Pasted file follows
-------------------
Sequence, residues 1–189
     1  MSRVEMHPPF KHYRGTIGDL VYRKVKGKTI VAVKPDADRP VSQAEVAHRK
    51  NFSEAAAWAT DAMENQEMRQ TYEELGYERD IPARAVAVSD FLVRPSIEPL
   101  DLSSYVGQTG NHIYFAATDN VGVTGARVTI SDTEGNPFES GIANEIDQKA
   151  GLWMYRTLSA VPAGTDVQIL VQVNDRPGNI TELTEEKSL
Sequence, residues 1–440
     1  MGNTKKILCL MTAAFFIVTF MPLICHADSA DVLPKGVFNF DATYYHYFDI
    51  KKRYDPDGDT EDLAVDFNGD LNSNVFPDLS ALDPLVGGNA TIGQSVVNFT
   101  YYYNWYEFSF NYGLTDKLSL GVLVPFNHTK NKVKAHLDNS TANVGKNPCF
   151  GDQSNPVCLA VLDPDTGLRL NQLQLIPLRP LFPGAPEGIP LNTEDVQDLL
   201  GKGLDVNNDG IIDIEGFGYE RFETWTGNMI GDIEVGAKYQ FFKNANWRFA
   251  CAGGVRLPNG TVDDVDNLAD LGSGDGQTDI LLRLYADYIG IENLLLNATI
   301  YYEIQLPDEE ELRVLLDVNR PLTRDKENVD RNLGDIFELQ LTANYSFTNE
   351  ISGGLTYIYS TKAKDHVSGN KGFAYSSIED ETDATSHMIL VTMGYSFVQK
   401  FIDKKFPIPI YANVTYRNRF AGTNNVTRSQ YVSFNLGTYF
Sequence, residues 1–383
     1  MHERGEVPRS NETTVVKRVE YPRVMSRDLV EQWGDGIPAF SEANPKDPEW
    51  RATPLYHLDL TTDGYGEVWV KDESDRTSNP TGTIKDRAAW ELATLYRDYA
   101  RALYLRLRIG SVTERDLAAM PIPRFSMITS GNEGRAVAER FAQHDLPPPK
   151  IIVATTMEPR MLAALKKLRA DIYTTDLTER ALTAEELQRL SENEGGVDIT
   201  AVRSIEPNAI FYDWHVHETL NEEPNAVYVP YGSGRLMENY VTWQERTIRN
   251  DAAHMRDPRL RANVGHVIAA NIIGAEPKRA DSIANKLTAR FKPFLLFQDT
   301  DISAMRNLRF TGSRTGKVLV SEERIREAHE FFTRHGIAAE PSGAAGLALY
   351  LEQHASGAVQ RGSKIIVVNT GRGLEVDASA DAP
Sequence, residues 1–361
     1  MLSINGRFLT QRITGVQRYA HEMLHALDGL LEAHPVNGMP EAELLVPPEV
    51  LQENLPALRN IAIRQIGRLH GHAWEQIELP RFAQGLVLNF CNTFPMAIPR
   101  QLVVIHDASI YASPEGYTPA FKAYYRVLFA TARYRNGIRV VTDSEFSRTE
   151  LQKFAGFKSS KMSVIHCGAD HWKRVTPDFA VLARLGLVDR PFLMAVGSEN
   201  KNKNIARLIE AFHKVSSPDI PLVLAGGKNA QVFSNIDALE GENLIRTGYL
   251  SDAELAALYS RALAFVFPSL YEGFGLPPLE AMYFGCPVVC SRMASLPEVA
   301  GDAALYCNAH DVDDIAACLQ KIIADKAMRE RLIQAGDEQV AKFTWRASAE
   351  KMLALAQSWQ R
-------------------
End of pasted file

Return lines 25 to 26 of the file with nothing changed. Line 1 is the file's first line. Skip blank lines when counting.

Sequence, residues 1–361
     1  MLSINGRFLT QRITGVQRYA HEMLHALDGL LEAHPVNGMP EAELLVPPEV